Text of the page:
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  • Keith Miller

RV Park Showcase: The Wild Horse RV Park

Wild Horse RV Park is a great example of how an RV Park with minimal amenities and small lots can still be very successful, resulting in a net profit of around $4 million. Located in Big Arm, Montana, it is about a mile from Flathead Lake, and 11 minutes from the nearest town, Polson. This park only opened in 2021, and focuses entirely on the “Condo-ization” model of RV Parks. In other words, this park does not allow any renting of lots, they simply subdivide the lots and sell them directly to their customers. They have sold 12 lots already, which were quickly sold out soon after opening. They are currently building another 48 more, and are opening the park in phases.



Compared to other parks that are selling their lots, this park is unusual in both their lot sizes and amenities. They are 4,500 square ft, which is significantly smaller than a regular city house lot. Lots in tightly packed RV Parks can be as small as 1,100 square ft, but this is unusually small when selling the lots. In addition, the amenities are minimal, cost-wise. There is no clubhouse, lodge, or trees. There is a one acre common area, which includes pickleball, horseshoes, a barbecue area, and a small gazebo. These are all relatively inexpensive amenities, which helped keep the development costs down. They are fairly restrictive in the types of vehicles allowed. The only allow RVs, and do not accept any Tiny Homes or Park Models allowed. This significantly cuts down on their potential customer base, but these minimal amenities and restrictions on their customers don’t seem to dampen their ability to sell lots.

The most impressive part of this park is the prices they are able to command for these lots. These small, restricted lots are selling for $125-135K! Corner lots sell for even more. That’s more than the typical city lot in a nearby urban area like Polson or Missoula. These RV lots are selling out as fast as they can build them, and are currently pre-selling the next phase. You can see a map of their layout and phases below.



Part of the reason for the high prices of RV lots is that the Wild Horse RV Park allows for year round living. This is relatively unusual, as many of these types of RV Parks focus on vacationers, and are closed for roughly half of the year. The park recommends the heat taping of water faucets, as well as the use of RV skirts during the winter. In addition, to keep the RV pipes functioning, they recommend the heating of the underbelly of RVs. This ability to live year-round is a significant benefit to the lot owners, as these lots can be used as residences. Since seasonal RV Parks only allow residents to live in the lots for six months of the year, they can only be used for seasonal living or vacationing. Since the area is experiencing a serious housing shortage, the ability to live in the lots year round is a major benefit. As far as additional costs, the HOA for the park is $675 a year, taxes are $550 per year, and there is a charge for $420 per year for water.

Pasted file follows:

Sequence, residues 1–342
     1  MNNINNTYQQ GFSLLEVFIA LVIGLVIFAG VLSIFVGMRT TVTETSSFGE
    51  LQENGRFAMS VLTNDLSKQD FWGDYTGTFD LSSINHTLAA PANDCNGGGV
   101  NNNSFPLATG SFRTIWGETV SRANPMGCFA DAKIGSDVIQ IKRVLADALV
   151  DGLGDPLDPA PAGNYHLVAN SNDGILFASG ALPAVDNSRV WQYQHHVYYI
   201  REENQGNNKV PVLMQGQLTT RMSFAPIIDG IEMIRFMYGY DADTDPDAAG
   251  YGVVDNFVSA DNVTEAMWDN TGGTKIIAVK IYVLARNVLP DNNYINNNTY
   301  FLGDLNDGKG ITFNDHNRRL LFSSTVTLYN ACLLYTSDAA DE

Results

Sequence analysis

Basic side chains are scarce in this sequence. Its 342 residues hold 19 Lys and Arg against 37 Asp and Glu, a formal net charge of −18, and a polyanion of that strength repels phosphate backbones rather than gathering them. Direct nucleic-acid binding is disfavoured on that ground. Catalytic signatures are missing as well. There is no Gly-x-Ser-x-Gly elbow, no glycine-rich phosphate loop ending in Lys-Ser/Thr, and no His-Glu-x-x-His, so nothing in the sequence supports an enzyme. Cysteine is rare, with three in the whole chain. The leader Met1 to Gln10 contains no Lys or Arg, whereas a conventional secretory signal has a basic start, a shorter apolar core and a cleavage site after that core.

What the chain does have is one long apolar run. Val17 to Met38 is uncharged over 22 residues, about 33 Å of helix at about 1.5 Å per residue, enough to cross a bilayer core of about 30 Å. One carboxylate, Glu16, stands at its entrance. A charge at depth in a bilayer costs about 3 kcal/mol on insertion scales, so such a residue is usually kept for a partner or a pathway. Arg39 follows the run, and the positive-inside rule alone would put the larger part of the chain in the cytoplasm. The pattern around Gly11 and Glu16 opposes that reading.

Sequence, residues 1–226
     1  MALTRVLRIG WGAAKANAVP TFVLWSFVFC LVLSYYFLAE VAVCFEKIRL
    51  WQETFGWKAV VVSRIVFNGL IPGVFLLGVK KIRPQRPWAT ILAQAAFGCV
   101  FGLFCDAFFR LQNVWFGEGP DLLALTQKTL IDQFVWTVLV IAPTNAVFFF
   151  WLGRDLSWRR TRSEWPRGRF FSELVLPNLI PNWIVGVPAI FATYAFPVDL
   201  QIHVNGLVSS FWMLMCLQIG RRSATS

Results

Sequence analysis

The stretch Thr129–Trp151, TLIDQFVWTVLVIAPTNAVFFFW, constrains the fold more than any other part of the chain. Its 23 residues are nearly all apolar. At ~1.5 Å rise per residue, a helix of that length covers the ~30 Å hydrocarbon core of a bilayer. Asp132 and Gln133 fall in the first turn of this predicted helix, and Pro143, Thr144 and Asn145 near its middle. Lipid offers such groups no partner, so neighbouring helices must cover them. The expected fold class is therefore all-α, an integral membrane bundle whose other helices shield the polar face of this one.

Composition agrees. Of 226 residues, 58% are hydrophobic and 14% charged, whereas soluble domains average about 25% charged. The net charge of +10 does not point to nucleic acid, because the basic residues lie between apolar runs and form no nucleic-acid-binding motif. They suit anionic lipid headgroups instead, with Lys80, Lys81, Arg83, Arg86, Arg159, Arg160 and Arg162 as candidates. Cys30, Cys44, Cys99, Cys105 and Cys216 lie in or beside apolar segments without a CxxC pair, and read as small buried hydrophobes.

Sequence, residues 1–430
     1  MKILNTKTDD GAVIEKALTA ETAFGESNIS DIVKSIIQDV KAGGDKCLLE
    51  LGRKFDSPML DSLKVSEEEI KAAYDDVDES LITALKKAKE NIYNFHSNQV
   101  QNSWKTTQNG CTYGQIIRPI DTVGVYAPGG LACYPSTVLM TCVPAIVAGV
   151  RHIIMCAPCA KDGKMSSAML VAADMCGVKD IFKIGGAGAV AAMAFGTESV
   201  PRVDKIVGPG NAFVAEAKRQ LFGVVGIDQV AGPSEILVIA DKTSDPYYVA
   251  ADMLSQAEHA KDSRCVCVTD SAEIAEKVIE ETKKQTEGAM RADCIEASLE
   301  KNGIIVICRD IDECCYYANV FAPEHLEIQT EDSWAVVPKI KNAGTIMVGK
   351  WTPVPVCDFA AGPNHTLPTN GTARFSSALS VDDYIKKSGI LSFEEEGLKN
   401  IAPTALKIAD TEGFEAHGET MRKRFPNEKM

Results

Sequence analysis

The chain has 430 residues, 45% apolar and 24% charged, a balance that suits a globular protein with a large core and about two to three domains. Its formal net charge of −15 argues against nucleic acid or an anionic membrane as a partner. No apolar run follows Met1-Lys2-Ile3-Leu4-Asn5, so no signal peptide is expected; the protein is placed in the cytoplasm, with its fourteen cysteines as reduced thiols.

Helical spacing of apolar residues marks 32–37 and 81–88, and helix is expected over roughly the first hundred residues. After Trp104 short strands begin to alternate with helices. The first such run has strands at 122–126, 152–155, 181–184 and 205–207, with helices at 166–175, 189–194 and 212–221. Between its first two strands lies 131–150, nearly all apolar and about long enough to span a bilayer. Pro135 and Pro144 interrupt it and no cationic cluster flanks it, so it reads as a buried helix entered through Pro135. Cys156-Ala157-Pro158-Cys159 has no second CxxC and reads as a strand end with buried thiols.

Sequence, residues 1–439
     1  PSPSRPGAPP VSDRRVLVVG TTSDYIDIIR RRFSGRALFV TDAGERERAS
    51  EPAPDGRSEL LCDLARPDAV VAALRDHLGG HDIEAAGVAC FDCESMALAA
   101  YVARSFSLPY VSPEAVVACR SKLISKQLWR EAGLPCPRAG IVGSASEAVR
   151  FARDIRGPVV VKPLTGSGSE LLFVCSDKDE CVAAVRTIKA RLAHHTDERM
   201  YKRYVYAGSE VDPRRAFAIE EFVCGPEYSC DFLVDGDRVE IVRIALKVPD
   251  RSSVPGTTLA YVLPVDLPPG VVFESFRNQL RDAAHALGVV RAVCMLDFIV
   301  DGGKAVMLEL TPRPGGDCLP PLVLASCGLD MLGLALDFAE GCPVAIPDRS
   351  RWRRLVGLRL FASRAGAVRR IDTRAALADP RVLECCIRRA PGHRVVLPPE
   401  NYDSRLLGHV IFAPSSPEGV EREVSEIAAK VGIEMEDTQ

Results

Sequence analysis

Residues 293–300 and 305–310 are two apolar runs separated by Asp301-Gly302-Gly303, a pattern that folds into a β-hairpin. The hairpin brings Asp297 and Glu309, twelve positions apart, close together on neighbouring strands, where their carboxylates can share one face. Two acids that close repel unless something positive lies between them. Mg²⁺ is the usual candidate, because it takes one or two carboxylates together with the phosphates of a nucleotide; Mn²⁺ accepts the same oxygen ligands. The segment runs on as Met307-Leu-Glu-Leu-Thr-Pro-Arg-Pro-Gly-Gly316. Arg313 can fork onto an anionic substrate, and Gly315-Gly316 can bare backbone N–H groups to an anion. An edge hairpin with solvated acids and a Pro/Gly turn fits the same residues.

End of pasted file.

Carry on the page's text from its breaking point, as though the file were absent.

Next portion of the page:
With lot sales at such a high price, there is a substantial amount of profit for a park like this. The gross profit of 60 lots at $135K per lot is $8.1 million. Since this park was fairly minimal on amenities, and the land was flat, significant construction or leveling of the land was unnecessary. As a result, we can assume that their development costs were within the average costs of $30-50K per lot, which is the industry standard. To use the upper estimate of $50K, this works out to a development cost of $3 million. Even if we assume that they construction went 33% over budget, and round up the development costs to $4 million, that’s still a profit of $4 million. Not bad for a small park! Their nearest “Condo-ization” competitor is Shyrock RV Park, which is developing 300 lots. With a larger scale like that, their profits are significantly higher.

This deep dive into the numbers should give you a better idea of the profit potential of RV Parks, especially those that follow the “Condo-ization” model of selling off individual lots. These types of parks are growing in popularity, as the nationwide shortage of RV Parks has led RV owners to have significant issues with booking lots. Many RV owners need to book lots months in advance, giving them very little flexibility, which is one of the reasons they bought an RV. Every RV owner has had the experience of showing up to their reserved spot and finding it crowded, tiny, and noisy. This explains the growing interest in buying an RV lot, as it ensures they always have a place to stay, and a consistent experience.

The Upslope Group is focused on building RV Parks that are a win-win-win solution for our investors, our communities, and our residents. These lots can be occupied by Tiny Homes, Park Models, or RVs, giving our buyers a variety of options. Better yet, we can choose to sell or rent the lots, to match the current demand in the market.

Click on the "Invest With Us" button in the top right hand corner of the screen to learn more about our current opportunities.

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